Pope Francis (Pic: Jeffrey Bruno)
Pope Francis has criticised those who oppose the Vatican’s decision to allow priests to bless Catholics in same-sex relationships.
The pontiff has faced opposition from conservative members of the church, including African bishops, for his efforts to make the church more welcoming and inclusive of LGBTQ+ individuals.
Most recently, he sparked controversy by approving limited blessings by priests for individuals in same-sex relationships, a move previously considered unthinkable.
Responding to his critics in a new interview with Italian Catholic magazine Credere, Pope Francis offered his strongest defense yet of the decision.
“No one is scandalised if I give my blessings to a businessman who perhaps exploits people, and this is a very grave sin. But they get scandalised if I give them to a homosexual,” he stated.
“This is hypocrisy,” he asserted, emphasising, “We all have to respect each other. Everyone!”
In January, the Symposium of Episcopal Conferences of Africa & Madagascar (SECAM), representing African Catholic bishops, issued a letter rejecting any acceptance of homosexuality or same-sex unions.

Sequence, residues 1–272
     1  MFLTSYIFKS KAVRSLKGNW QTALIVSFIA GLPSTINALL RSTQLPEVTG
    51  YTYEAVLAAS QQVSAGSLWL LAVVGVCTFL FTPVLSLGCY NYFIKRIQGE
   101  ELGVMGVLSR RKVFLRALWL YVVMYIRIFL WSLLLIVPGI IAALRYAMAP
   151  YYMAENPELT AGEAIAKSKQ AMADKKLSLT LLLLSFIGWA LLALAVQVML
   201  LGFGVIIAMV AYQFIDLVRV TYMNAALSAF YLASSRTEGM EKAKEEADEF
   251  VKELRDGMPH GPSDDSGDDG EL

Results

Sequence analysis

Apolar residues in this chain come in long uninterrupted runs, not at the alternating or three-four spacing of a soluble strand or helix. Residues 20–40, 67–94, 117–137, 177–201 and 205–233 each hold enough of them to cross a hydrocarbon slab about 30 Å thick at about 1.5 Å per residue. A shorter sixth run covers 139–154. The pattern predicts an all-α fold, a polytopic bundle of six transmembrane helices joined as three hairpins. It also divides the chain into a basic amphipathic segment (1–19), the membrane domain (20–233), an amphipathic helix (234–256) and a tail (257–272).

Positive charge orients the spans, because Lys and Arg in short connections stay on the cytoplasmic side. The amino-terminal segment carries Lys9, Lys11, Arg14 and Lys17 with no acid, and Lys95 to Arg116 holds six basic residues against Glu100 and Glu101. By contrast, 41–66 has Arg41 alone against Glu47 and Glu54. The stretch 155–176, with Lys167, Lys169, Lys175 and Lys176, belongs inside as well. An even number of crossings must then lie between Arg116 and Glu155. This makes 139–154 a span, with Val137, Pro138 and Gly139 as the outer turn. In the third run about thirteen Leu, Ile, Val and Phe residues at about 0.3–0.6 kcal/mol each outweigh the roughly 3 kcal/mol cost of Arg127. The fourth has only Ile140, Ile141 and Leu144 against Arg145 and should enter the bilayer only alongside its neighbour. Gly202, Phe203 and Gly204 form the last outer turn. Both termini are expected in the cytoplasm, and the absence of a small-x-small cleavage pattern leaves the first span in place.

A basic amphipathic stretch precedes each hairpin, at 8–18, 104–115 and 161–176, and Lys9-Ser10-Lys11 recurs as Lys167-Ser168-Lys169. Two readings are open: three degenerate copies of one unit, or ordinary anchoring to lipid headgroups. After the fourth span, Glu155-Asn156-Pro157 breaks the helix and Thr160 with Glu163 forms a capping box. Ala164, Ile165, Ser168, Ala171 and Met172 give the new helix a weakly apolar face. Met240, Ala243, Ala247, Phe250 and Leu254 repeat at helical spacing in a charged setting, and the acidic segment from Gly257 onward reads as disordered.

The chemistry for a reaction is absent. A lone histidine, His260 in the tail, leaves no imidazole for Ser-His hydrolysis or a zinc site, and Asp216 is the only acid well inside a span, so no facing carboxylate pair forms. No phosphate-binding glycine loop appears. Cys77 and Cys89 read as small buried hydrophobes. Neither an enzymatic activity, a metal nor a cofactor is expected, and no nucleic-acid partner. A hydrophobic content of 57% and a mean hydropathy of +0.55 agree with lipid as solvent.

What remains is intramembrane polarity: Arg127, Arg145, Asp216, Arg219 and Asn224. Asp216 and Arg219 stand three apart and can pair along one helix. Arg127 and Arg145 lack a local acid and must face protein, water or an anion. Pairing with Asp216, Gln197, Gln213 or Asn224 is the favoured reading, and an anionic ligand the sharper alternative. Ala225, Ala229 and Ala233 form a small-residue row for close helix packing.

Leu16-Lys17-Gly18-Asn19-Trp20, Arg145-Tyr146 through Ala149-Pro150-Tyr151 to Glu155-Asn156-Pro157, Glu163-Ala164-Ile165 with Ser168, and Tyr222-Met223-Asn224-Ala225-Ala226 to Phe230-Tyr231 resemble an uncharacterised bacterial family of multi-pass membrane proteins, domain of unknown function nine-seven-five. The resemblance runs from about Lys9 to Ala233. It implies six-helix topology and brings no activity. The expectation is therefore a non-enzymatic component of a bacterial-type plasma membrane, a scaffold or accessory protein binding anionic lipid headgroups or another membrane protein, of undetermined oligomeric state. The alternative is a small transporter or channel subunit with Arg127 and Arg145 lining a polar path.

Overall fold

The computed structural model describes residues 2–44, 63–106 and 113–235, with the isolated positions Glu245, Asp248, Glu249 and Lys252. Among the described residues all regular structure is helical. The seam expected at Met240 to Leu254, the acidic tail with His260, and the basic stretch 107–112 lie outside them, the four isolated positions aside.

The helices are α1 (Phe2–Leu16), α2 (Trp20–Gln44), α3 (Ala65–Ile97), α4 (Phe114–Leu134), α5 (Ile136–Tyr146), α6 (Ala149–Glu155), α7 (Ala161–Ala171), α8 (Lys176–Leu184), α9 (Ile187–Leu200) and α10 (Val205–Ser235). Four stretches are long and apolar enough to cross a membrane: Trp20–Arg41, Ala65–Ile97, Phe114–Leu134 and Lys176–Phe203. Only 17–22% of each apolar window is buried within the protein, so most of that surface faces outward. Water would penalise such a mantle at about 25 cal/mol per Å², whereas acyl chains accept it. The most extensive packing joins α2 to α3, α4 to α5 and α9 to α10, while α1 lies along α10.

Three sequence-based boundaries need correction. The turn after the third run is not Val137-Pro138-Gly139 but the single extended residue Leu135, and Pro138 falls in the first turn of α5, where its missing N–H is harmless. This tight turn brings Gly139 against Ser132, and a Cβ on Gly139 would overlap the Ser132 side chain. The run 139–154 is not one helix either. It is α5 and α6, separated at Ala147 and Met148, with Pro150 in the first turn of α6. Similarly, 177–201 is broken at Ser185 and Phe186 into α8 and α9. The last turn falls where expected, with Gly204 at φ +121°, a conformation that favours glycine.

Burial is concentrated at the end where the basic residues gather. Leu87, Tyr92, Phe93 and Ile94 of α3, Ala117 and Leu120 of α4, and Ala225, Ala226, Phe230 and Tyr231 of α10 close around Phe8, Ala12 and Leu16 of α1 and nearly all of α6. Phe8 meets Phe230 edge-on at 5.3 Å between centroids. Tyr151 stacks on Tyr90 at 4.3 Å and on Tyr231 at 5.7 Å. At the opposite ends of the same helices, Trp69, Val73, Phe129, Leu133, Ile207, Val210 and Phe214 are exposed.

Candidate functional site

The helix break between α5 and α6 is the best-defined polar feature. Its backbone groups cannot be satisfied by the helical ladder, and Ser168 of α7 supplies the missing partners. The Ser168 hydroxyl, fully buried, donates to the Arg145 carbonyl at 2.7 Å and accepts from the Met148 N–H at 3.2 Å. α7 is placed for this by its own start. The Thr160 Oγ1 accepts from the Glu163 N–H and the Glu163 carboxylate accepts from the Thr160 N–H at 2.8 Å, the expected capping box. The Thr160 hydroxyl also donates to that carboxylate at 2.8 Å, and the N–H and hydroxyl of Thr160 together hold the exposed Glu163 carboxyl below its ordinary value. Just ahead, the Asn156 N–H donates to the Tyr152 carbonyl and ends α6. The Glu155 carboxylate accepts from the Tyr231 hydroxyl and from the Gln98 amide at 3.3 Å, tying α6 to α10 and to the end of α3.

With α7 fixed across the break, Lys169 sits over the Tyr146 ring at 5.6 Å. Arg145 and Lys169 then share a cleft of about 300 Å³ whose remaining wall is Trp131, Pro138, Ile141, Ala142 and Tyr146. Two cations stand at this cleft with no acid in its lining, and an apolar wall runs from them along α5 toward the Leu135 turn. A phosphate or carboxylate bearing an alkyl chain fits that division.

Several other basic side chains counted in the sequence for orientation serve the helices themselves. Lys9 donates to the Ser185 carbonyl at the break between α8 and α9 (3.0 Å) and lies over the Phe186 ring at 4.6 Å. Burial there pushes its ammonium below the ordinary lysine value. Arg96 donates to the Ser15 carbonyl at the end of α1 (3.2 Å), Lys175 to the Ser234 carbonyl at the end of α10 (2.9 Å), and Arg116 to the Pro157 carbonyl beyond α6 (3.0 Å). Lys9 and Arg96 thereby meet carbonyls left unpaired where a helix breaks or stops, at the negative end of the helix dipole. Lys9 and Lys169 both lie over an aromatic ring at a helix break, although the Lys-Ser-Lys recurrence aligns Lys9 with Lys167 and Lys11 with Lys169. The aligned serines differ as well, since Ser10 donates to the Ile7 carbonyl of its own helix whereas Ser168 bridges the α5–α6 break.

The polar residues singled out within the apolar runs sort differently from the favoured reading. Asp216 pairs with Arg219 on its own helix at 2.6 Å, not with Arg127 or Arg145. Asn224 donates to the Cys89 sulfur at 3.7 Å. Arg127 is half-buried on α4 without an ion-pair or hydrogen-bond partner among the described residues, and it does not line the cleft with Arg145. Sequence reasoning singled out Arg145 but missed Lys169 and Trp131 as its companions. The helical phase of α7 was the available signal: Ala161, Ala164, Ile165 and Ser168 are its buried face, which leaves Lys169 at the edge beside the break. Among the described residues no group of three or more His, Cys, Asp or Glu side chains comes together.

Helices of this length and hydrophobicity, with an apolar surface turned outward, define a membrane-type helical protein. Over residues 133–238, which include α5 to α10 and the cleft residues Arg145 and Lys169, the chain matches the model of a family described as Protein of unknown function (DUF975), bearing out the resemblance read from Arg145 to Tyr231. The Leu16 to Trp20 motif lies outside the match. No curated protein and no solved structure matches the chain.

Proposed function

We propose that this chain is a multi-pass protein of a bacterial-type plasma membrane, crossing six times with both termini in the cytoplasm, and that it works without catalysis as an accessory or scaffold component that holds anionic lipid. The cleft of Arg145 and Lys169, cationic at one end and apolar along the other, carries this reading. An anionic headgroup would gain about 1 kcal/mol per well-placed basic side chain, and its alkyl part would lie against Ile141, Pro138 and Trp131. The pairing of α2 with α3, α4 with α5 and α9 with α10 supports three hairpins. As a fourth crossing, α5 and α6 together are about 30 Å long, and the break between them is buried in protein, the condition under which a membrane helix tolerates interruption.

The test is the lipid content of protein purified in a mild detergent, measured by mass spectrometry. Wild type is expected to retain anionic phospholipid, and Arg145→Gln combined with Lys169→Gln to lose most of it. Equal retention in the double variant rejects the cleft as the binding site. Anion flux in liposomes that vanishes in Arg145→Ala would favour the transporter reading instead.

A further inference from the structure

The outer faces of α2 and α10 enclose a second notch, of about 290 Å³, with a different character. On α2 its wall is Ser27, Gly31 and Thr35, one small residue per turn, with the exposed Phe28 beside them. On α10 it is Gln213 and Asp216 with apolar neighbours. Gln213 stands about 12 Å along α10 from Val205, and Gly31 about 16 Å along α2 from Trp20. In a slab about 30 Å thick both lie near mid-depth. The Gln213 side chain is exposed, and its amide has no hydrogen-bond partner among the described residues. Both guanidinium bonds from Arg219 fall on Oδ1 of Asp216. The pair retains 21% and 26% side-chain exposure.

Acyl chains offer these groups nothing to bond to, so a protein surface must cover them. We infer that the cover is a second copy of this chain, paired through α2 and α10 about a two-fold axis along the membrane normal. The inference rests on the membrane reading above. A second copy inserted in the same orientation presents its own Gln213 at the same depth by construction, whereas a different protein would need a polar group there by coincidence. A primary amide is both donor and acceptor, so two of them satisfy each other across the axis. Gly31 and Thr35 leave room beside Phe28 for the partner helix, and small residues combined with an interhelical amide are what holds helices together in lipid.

Cardinal Fridolin Ambongo Besungu, the Archbishop of Kinshasa and President of SECAM, cited biblical condemnations of homosexuality, insisting that it is especially unacceptable in Africa.
In November, the Vatican also confirmed that transgender individuals, including those who have undergone medical transitions, can be baptised as Catholics and are eligible to serve as godparents and witnesses.
Pope Francis famously said in 2013: “If a person is gay and seeks God and has good will, who am I to judge him?”
However, despite these positive developments, official Catholic doctrine continues to define same-sex intimacy as “[acts] of grave depravity,” “intrinsically disordered,” and “contrary to the natural law.”